Savings rate up again

The country’s savings rate has recovered after declining in recent years, the Namibia Statistics Agency said recently.
After declining markedly in the aftermath of the international financial crisis in 2009, Namibia’s gross savings to GDP ratio rebounded to 30.5% in 2012; the first time in two years that the savings rate has grown faster compared to the investment rate. For 2012, Namibia’s gross fixed capital formation or investment ratio stood at 21.1%, a 11.6% increase from the previous year.
Namibia has had historic low interest rates since August 2012 which analysts feared would fuel consumption while discouraging saving, but despite these fears, the country’s net savings increased 75.2% to N$19.3 billion last year mainly driven by savings by the private sector.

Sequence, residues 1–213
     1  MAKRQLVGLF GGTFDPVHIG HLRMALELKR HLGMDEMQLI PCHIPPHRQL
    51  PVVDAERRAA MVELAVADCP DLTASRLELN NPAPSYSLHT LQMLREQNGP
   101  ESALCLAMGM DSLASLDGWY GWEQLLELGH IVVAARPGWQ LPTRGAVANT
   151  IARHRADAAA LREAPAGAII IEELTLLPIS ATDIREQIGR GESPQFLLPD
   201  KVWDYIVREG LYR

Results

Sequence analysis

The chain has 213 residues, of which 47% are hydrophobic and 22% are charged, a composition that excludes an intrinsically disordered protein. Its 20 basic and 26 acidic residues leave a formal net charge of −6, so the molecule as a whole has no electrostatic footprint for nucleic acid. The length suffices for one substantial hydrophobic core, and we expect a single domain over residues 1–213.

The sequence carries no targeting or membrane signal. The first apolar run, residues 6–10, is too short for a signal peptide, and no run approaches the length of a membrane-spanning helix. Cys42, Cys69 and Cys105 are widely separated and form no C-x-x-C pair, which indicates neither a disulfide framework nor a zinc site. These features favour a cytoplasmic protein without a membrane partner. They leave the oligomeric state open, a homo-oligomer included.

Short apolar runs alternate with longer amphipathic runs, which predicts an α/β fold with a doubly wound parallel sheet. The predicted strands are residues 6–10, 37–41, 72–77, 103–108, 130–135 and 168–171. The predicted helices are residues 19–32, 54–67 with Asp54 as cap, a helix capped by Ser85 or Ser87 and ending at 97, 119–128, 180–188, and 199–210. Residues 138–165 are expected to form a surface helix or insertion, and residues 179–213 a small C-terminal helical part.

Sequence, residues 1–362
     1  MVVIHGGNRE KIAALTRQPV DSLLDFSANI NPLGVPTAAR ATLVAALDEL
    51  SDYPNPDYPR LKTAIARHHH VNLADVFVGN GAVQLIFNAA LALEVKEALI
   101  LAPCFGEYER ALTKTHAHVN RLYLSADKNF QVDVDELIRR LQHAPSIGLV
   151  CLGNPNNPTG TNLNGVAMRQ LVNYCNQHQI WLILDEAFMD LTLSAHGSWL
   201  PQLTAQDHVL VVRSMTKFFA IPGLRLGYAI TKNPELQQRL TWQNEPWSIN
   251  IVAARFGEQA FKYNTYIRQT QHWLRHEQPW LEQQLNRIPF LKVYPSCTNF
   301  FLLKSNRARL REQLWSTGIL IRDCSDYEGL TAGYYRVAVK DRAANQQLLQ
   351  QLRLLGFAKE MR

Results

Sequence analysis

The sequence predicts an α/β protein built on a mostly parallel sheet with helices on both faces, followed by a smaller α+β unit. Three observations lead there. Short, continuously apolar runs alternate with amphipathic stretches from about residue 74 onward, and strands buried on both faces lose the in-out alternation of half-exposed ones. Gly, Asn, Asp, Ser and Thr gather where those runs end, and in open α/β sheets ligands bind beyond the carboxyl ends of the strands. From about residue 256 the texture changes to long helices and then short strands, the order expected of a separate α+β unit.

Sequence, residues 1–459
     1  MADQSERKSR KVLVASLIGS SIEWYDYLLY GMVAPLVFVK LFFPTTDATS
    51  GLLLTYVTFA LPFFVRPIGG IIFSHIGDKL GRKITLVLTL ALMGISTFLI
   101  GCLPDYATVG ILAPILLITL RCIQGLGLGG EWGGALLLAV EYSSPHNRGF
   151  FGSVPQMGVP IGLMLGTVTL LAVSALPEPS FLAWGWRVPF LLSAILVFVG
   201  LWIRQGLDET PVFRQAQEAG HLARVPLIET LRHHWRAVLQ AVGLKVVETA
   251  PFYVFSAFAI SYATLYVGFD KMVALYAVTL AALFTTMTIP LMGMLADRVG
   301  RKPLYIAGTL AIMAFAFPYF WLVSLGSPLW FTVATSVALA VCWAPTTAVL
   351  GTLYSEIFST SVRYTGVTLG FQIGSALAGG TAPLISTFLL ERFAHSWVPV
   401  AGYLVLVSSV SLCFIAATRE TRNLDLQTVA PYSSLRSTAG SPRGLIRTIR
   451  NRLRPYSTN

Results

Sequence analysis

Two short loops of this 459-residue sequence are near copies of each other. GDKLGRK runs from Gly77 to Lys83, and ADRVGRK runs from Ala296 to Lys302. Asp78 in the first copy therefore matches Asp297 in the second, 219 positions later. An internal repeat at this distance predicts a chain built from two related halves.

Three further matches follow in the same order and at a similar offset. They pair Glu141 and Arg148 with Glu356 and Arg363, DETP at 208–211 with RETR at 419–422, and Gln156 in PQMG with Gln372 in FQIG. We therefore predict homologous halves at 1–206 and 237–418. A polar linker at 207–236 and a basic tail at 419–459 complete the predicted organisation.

Namene Kalili, Manager of Research at FNB said while there was a 6.8% growth in consumption  expenditure in 2012, most of the growth came from the government sector. He added that while private consumption was above average, consumers still saved up to almost 30% of their income.
Statistician General, John Steytler told The Economist that although he is pleased with the rebound in savings, he was concerned that the country was not retaining these savings.
Steytler said: “It’s a higher rate (savings rate), but my worry is that we don’t retain the savings; a big part of it is still leaving the country.”